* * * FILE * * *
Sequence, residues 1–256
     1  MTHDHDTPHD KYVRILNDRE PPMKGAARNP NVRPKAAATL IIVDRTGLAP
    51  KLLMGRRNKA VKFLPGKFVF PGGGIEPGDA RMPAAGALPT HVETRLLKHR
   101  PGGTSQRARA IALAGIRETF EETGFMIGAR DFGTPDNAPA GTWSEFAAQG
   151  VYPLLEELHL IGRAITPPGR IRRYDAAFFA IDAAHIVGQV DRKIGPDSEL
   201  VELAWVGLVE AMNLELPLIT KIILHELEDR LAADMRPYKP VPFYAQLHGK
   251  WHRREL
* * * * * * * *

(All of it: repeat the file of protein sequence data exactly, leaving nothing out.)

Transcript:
Sequence, residues 1–256
     1  MTHDHDTPHD KYVRILNDRE PPMKGAARNP NVRPKAAATL IIVDRTGLAP
    51  KLLMGRRNKA VKFLPGKFVF PGGGIEPGDA RMPAAGALPT HVETRLLKHR
   101  PGGTSQRARA IALAGIRETF EETGFMIGAR DFGTPDNAPA GTWSEFAAQG
   151  VYPLLEELHL IGRAITPPGR IRRYDAAFFA IDAAHIVGQV DRKIGPDSEL
   201  VELAWVGLVE AMNLELPLIT KIILHELEDR LAADMRPYKP VPFYAQLHGK
   251  WHRREL